An introduction to the biology of mammals, including humans, showing the relationship between structure and function of tissues and organs and outlining the physiological processes involved in adapting to their environment.
The principles of control systems involving nerves and hormones are examined. Control at the cellular, tissue, organ system and whole-body levels is explained with reference to the basis of cell excitability, basic functions of the nervous system, muscle contraction, actions of hormones, the immune system and the renal system. Close relationships between structure and function are considered.
194.242 Physiology of Mammalian Organ Systems15 credits
Mammalian, including human, physiology is emphasised. The particular roles the different organ systems have in maintaining life and health, and close relationships between structure and function are examined. Topics include the functions of the heart and blood vessels, breathing, reproduction and the digestive system.
194.243 Physiological Strategies for Survival15 credits
Survival of individual animals, and species of animals, depends on effective physiological mechanisms that allow animals to live in different environments and to respond to changes in their environment, whether benign or extreme. These mechanisms are examined in relation to environmental factors that may include photoperiod, temperature, altitude, and latitude, and in relation to life in the air and underwater.
An overview of the strategies used by animals to persist in diverse habitats, from deserts to the poles. The course focuses on physiological and morphological strategies; in keeping with the integrative nature of the topic these will be related to behavioural and life history adaptations. Examples span diverse taxonomic groups from invertebrates to vertebrates, including humans.
A course examining the physiology of selected organ systems at the cellular and molecular level. There will be an emphasis on the physiological processes involved in differentiation, development and disease. A strong emphasis is placed on the laboratory course where contemporary physiological and laboratory techniques will be used with the aim of preparing students for postgraduate physiology research or as a primer for techniques used in physiology labs.
194.343 Applied Physiology and Animal Welfare15 credits
The use of physiological methods, experimental design, quantification, diagnosis and value judgements to promote good welfare and health in livestock, wildlife and people is explored using specific examples. Whole-body perspectives on health, stress, pain, difficulties at birth, diarrhoea and respiratory disorders are provided. Consciousness, unconsciousness, brain death and the humane destruction of animals are considered.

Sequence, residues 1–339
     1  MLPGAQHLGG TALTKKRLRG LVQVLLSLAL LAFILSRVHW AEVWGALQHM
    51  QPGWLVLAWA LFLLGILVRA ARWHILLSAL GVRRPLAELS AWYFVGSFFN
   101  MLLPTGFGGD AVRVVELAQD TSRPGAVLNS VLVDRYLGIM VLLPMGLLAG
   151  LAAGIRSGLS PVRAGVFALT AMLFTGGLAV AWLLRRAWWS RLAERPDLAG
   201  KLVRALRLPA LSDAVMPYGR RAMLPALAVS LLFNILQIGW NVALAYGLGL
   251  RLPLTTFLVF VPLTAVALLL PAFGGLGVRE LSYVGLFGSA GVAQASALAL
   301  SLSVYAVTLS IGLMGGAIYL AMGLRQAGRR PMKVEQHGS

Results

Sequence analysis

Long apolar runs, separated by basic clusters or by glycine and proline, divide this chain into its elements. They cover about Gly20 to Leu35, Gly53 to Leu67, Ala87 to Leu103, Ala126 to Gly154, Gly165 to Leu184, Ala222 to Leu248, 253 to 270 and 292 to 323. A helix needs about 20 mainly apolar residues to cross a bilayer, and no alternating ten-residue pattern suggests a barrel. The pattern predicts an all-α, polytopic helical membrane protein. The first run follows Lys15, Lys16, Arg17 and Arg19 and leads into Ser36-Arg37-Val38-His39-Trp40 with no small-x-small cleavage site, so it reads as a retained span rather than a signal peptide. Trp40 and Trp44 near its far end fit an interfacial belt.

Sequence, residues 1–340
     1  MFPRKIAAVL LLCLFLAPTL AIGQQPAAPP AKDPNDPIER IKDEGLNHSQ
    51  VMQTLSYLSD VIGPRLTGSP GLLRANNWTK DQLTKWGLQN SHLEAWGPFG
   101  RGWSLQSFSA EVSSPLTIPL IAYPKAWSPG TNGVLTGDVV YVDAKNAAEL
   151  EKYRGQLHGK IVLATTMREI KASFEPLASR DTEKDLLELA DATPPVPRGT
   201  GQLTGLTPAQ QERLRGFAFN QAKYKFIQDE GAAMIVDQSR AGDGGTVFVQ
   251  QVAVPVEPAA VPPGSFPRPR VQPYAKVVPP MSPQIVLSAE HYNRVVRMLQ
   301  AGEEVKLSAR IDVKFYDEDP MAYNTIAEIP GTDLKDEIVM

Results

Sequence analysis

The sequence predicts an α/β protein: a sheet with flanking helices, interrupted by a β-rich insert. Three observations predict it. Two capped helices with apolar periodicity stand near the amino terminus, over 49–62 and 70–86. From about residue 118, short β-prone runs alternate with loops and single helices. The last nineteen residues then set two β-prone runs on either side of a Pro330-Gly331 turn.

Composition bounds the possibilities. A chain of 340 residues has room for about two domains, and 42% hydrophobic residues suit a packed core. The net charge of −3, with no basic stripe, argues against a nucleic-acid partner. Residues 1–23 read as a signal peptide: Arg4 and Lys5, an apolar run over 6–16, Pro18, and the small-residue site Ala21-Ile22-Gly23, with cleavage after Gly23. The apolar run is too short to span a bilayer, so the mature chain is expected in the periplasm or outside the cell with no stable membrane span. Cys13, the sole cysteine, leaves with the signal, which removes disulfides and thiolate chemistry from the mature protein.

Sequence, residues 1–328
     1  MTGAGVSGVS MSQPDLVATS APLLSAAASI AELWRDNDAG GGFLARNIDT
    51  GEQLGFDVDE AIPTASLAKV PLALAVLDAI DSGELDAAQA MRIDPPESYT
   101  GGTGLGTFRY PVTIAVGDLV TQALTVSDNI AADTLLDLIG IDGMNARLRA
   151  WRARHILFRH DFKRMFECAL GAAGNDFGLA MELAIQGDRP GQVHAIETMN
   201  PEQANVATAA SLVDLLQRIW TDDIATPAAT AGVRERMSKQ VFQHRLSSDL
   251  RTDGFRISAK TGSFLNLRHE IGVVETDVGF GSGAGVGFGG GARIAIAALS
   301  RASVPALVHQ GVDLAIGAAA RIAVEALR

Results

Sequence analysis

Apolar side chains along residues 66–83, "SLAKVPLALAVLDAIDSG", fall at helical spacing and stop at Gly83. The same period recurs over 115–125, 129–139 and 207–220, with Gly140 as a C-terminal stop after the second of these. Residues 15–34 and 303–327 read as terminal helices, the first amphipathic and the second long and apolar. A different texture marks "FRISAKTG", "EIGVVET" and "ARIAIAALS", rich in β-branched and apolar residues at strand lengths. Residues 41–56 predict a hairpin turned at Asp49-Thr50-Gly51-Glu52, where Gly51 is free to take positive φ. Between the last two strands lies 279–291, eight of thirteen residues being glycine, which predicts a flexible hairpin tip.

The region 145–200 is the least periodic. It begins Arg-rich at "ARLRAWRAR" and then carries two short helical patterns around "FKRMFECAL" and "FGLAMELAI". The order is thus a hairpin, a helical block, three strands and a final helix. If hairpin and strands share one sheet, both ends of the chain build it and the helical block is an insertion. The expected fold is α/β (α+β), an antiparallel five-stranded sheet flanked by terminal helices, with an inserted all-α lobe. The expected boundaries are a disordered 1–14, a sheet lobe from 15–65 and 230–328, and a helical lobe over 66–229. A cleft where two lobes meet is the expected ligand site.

The functions of the nervous system of mammals, including humans, are explored using examples of normal and, in some cases, abnormal neural activity. Topics covered may include neuronal physiology, neuroscience methods, general sensory systems, developmental neurobiology and the integrating functions of the brain.
The physiological mechanisms that enable animals ranging from fish to mammals to live in changing environments. Topics will include adrenal gland hormones and stress, seasonal breeding and photoperiodism, the movement of animals between different environments, and migration.
How the body attempts to maintain adequate nutrient and metabolic substrate levels in response to fluctuating energy demands in health and disease. Topics covered will include fluid and electrolyte balance, blood flow through vital tissues, signalling within the gut, nutrient absorption and utilisation and reflexes regulating metabolic activities
A study of physiological concepts and mechanisms related to humans with an emphasis on how cells, tissues, organs and the whole body respond to internal and external environmental stressors that challenge the normal homeostatic state.
Advanced study of human physiology from conception to death, covering pregnancy, the foetus, birth, lactation, growth, puberty and ageing. The impact of earlier events on normal and abnormal body function later in the lifecycle will be considered.
194.703 Neurophysiology and Neuroendocrinology30 credits
A two-semester course of self-paced guided instruction into the students' choice of one or more of the following areas: 1. advanced concepts in neurophysiology 2. integrated topics in neurophysiology and neuroendocrinology 3. diseases affecting the brain.
An advanced study of the physiology of digestion in monogastric and ruminant animals. The topics covered may include the mechanisms controlling digestion, functions of gastrointestinal secretions, motility of the stomach and intestines, characteristics of digestion in ruminants and absorption of nutrients.
Principle features of perinatal physiology that affect the survival of newborn mammals are considered, as are some ways physiological investigations are used to devise practical methods for reducing death and debility of newborn mammals.
194.709 Conservation Endocrinology and Reproductive Biology30 credits
The application of principles and methods in endocrinology to conservation problems will be considered, especially in relation to reproduction and to stress. The topics studied by each student can be chosen from a wide range and will include New Zealand examples.
An advanced course on selected topics in cell physiology. The focus is on the processes involved in maintaining cell viability, the mechanisms involved in cell motility and trafficking, intracellular and intercellular signalling, the control of cell death and opportunities for therapeutic manipulations of these processes.